Soon after Claire’s first step toward the deep end, the novel shifts to a second narrative. Here, in 2004, we meet West, a young man struggling to make sense of a life come unscrewed by schizophrenia. He is searching fruitlessly for his lost love – an artist named Nicolette. West’s Nicolette is without an origin story. He explains,
I don’t even know how old she is, but when I met her she was twenty-six and acted as if she’d lived a century — she was wise enough. I think she let herself fall in love with me because she knew how I was and maybe she felt like she owed something to the world. She wanted to save me.
West attempts to track her down by searching for her artwork and, eventually, discovers the painting of Claire Bishop’s suicide in a gallery. He becomes convinced that this painting from the 1950s is his ex-girlfriend’s creation and constructs an increasingly elaborate delusion involving time-travel, the local Hasidic community, art theft, and a commitment to finding the falling woman.
True, West is not a reliable narrator. He actively, if not aggressively, pursues his own version of utter demise. He hands over his last doses of anti-psychotics to a couple of estranged losers from high school and follows the fraying thread of his delusions, leaving his family fearful and heartbroken. But it’s so easy to believe in his version of Nicolette, or at least eagerly anticipate a gorgeous opening of reality where, somehow, the “meaningful coincidences” piling up between West and Claire become causal. Perhaps that is the greatest achievement of Banasky’s novel: These events have always been connected by causality. The “meaningful coincidences” have all been misinterpreted.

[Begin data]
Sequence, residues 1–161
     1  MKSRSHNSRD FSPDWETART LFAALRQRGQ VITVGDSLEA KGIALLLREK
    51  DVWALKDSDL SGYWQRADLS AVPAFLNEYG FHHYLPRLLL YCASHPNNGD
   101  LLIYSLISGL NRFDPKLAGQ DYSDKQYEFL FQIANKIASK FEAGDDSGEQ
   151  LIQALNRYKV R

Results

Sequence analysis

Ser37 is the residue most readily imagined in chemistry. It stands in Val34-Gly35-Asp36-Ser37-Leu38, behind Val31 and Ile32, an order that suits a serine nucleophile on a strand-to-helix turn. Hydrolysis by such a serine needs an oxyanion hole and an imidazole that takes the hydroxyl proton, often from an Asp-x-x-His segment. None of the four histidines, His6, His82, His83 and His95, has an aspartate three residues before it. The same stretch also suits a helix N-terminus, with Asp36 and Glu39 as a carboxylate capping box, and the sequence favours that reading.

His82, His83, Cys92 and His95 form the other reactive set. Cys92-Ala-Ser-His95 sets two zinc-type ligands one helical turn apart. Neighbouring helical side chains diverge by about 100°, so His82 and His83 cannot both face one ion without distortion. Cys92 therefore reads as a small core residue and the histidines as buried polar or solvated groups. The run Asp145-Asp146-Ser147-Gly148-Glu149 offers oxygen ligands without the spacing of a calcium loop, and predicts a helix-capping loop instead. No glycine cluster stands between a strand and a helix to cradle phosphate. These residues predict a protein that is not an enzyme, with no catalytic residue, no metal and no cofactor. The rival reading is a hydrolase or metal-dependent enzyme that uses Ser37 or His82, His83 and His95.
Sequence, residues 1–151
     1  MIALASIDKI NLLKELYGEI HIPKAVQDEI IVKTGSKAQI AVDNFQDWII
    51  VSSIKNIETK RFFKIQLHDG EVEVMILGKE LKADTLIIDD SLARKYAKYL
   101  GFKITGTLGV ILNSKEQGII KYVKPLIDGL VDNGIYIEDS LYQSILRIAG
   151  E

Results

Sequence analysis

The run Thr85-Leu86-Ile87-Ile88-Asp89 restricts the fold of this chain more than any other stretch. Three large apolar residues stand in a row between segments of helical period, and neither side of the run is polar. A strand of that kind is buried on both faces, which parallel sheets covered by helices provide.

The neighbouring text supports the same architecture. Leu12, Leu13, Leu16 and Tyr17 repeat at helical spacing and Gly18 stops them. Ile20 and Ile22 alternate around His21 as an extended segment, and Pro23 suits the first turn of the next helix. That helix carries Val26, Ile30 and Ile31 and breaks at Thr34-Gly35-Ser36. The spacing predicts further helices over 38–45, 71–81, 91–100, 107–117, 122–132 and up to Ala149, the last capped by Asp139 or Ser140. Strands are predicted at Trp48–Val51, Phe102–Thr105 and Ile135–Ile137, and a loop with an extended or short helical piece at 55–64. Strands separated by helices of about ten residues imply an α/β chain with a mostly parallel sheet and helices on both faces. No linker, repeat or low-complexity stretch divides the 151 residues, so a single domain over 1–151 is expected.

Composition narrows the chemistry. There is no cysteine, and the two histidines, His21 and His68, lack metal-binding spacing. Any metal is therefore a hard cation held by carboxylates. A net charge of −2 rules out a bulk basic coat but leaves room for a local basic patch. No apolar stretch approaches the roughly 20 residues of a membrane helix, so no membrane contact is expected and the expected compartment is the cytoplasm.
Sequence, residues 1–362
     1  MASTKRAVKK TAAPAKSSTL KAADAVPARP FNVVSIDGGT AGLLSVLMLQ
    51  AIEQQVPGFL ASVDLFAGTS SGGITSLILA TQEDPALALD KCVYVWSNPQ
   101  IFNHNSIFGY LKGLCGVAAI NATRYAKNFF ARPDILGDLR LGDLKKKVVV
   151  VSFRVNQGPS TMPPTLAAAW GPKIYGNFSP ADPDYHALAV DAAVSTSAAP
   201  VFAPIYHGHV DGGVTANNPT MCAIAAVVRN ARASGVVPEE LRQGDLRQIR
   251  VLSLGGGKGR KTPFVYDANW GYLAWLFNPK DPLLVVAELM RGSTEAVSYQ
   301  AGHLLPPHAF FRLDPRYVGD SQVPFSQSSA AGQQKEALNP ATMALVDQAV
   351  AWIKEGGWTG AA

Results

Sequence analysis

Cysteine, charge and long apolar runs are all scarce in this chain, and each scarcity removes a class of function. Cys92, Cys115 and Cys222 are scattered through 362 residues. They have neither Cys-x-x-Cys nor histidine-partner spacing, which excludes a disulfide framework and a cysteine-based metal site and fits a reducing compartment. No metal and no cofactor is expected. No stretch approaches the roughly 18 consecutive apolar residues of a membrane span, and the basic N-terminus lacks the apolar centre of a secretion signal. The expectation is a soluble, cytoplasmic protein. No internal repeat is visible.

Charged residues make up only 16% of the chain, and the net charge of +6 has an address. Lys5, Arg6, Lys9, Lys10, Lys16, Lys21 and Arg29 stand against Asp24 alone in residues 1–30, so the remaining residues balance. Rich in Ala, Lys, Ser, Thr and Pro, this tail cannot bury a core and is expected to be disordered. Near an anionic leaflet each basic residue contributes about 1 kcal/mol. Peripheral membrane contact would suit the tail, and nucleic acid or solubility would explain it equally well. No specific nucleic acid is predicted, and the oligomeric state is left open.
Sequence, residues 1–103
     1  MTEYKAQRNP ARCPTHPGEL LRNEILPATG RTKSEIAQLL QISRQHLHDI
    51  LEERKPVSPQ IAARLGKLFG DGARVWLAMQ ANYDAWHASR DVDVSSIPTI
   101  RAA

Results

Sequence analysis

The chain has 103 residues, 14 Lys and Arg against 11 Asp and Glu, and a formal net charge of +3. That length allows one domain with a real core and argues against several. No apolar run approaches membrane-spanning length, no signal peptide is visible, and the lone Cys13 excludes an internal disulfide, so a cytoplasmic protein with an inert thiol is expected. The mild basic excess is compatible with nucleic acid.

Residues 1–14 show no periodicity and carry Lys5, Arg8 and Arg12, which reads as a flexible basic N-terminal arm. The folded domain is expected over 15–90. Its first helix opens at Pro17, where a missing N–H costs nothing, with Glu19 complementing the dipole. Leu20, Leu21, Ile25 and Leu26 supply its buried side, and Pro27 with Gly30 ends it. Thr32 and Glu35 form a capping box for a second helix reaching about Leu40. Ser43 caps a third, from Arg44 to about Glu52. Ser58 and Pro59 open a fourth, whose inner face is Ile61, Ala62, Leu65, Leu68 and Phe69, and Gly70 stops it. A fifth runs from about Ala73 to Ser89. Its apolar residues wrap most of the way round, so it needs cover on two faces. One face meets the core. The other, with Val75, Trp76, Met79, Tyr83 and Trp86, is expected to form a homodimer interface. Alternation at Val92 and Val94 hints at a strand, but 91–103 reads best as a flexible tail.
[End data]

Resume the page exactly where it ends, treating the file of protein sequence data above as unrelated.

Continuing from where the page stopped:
West and Claire finally meet at the very end of the book. It’s a gorgeous, profound ending – one that continues to haunt long after slipping the book back onto the shelf. Claire, semi-lucid, speaks to West from her hospital bed:
“I never lost anything. Was that cheating? It feels like cheating.” Her breath is low, barely filling her lungs. She sighs. And her hospital gown, and her old lady skin, and her aches and pains, they seem to sigh off her, too. […] “Don’t you worry,” she whispers. “I’ve been making this decision every day of my life.”
This moment between two strangers, connected only superficially by a painting and a name – Nicolette – is significant. West and Claire have lived much of their lives haunted by the past, pursued by and pursuing what has been lost, or stolen from them. Her message to West is clear: Their lives, as confused and erratic as they appear, are constructed deliberately, by choice, by willful attachment to what has already disappeared. Claire’s lesson is reminiscent of a bit of dialogue between Alice and the White Queen in Through the Looking Glass and perhaps it’s unsurprising that Jung was drawn to these same lines as he pursued his theory of synchronicity: “It’s a poor sort of memory that only works backwards.”
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Lisa Grgas is the Assistant Poetry Editor of The Literary Review. Her work has appeared in Fratcal, Web Del Sol, and elsewhere. She also reviews poetry for Tin House Magazine in Portland, Oregon.